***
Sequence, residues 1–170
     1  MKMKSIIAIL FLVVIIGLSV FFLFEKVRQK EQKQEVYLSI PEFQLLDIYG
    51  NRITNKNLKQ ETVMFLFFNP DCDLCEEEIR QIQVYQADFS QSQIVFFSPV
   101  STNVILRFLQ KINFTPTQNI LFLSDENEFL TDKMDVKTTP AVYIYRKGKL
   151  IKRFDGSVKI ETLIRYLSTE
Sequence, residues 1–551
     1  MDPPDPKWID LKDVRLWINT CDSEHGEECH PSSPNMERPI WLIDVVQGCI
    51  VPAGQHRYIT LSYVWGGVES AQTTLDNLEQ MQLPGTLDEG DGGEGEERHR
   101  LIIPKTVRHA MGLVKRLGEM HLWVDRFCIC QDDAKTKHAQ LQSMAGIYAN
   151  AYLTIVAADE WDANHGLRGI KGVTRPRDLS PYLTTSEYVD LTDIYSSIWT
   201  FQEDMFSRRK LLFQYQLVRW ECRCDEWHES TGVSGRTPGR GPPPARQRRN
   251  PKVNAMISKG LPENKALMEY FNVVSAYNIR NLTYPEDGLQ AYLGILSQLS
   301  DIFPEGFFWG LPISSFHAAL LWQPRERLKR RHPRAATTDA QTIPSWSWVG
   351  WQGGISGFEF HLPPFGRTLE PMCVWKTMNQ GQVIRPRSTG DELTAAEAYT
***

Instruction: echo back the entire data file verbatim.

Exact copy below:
Sequence, residues 1–170
     1  MKMKSIIAIL FLVVIIGLSV FFLFEKVRQK EQKQEVYLSI PEFQLLDIYG
    51  NRITNKNLKQ ETVMFLFFNP DCDLCEEEIR QIQVYQADFS QSQIVFFSPV
   101  STNVILRFLQ KINFTPTQNI LFLSDENEFL TDKMDVKTTP AVYIYRKGKL
   151  IKRFDGSVKI ETLIRYLSTE
Sequence, residues 1–551
     1  MDPPDPKWID LKDVRLWINT CDSEHGEECH PSSPNMERPI WLIDVVQGCI
    51  VPAGQHRYIT LSYVWGGVES AQTTLDNLEQ MQLPGTLDEG DGGEGEERHR
   101  LIIPKTVRHA MGLVKRLGEM HLWVDRFCIC QDDAKTKHAQ LQSMAGIYAN
   151  AYLTIVAADE WDANHGLRGI KGVTRPRDLS PYLTTSEYVD LTDIYSSIWT
   201  FQEDMFSRRK LLFQYQLVRW ECRCDEWHES TGVSGRTPGR GPPPARQRRN
   251  PKVNAMISKG LPENKALMEY FNVVSAYNIR NLTYPEDGLQ AYLGILSQLS
   301  DIFPEGFFWG LPISSFHAAL LWQPRERLKR RHPRAATTDA QTIPSWSWVG
   351  WQGGISGFEF HLPPFGRTLE PMCVWKTMNQ GQVIRPRSTG DELTAAEAYT